Why does this matter?  In 2001, building a website required technology skills.  In 2009, has you up and running in 15 minutes, and you can start working on your site.  The early promise of the Web was two-way communications.  Netscape shipped with an HTML editor, because the whole concept of Hypertext was easily shareable and editable documents.  The HTTP spec had concepts of file movement that were never adopted until the DAV group realized that you could do collaborative editing with them.  HTML editing turned out to be too complicated, but Web 2.0 featured the concept of mini code.  IFrames let websites include content elsewhere, but you were at their mercy for displaying it.  Instead, we have interactive forms that pull information from anywhere.

The social media of today traces it’s social roots to the first acoustic modem on a computer, but the technology is new.  When AJAX came out as a popular acronym, it became socially acceptable to put critical content behind a Javascript layer, previously a no-no of web design, Javascript for convenience was accepted, but not required.  The underlying technology was there, but easy libraries brought it to the junior programmers.

Designing a high end website still requires technology and database skills.  But prototype-grade environments like Ruby-on-Rails and CakePHP brought RAD concepts from the desktop application Visual Basic world to web programming for everyone.  And while it certainly brought out many applications that don’t scale, it made these rapid fire AJAX/JSON mini web services easy to write, and that made the social media world possible.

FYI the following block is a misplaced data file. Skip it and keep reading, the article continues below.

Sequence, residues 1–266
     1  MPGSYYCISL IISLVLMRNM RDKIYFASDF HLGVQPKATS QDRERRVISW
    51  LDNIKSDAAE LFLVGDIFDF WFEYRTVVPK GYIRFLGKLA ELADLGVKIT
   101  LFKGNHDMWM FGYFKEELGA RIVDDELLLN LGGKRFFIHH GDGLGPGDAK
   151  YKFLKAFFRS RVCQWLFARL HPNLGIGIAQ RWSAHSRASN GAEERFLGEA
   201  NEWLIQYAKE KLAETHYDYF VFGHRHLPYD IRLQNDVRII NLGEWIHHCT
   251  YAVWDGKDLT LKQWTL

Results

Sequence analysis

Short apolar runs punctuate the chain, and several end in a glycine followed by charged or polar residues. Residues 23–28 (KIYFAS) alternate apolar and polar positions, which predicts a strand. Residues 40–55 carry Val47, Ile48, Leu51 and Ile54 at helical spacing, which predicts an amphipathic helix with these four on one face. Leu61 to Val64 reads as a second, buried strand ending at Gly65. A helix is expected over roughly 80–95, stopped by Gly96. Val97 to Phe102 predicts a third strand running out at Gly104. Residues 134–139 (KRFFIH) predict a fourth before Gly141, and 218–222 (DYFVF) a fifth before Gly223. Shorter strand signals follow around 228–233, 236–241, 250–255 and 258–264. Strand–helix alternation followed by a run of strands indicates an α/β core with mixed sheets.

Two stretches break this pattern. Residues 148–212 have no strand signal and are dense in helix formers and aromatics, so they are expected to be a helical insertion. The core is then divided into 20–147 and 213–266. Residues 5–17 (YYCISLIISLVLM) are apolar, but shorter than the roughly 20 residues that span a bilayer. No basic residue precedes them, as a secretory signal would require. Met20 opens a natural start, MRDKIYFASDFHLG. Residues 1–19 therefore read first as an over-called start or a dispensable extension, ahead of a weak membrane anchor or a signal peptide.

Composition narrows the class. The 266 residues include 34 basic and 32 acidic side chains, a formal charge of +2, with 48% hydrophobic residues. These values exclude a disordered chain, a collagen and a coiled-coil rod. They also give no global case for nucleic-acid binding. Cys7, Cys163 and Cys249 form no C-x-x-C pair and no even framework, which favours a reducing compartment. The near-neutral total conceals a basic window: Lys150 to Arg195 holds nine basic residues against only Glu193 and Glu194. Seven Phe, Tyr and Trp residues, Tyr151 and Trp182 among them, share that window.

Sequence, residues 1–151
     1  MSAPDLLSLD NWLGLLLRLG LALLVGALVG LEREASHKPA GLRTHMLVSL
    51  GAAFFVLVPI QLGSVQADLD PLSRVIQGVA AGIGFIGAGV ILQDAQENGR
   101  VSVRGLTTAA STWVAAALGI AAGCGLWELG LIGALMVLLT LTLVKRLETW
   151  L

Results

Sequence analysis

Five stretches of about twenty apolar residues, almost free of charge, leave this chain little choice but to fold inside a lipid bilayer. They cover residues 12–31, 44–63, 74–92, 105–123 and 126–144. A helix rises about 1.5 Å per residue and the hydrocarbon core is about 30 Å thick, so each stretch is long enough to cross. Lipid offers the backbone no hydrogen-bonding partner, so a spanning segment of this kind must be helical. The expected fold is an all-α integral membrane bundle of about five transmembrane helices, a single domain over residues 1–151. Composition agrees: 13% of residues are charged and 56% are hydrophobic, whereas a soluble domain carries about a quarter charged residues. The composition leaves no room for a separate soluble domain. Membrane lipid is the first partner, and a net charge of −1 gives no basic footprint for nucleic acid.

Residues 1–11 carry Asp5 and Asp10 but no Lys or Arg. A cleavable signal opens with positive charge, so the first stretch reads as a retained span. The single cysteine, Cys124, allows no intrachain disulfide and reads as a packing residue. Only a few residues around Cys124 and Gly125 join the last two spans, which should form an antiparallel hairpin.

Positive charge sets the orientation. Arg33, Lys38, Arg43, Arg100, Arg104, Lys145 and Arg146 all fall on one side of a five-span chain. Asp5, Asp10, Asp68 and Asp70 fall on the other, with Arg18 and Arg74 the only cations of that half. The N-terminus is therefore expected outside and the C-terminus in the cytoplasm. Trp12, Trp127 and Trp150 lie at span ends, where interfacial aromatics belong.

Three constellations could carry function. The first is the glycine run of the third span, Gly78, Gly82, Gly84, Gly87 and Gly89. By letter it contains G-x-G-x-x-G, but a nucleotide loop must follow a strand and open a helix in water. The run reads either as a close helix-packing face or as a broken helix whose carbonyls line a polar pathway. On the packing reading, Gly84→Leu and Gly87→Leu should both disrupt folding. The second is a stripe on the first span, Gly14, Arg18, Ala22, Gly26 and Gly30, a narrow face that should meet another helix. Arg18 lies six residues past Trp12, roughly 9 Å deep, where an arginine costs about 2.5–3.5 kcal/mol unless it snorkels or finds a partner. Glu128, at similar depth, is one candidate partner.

So while marketers may see this evolution of mini-markets, they miss the underlying technology shift.  Once a media is cheap to create, the advertising on it becomes affordable.  The wire service made real reporting cost effective, the web made mail-order effective, and the underlying language libraries let companies without a technology team build interactive websites, creating these markets.

Social Media – New Walled Gardens

In the early days of the Internet, the term Walled Garden was used to refer to private content areas, and the debate as to which content should be private and which should be public.  In those early days, Walled Gardens were seen as an differentiator… one might pay more for AOL than the local ISP if the unique content was of value, which led to the acquisitions of Compuserve and Time Warner.  The search driven Internet pushed Walled Gardens out, and free content in, and that has dominated for years…

But now, Facebook establishes a walled garden, with huge amounts of content only available to members, but interestingly, it’s all user generated.  Who would have thought that the users would support hidden content, but that is Facebook’s appeal.  I see what my friends are up to, they see what I am up to.  The fact that the content is only available inside of Facebook seems incidental, since my family photos are now private.

I see news articles posted by friends, and we openly comment on them, in a way, it’s like a miniature blog, only the content isn’t available to the outside web.  You need a Facebook account, and to by my friend to see it.

In technology, everything moves in trends.  The mainframe centralized computer system and the client server model of the 3270 Terminal (with a smart GUI viewer), moved to the minicomputer and the dumb terminal, we then moved to PCs with the power back at the terminal, to a network centric model (both the Winterm push in corporate environments, and browser-as-computer in the public one), to smart applications that talk via APIs back to the web-based systems.  Is there really that much of a difference between an iPhone application that connects back to a web service as a 3270 Data Entry screen that draws the interface locally and sends the data up the serial line?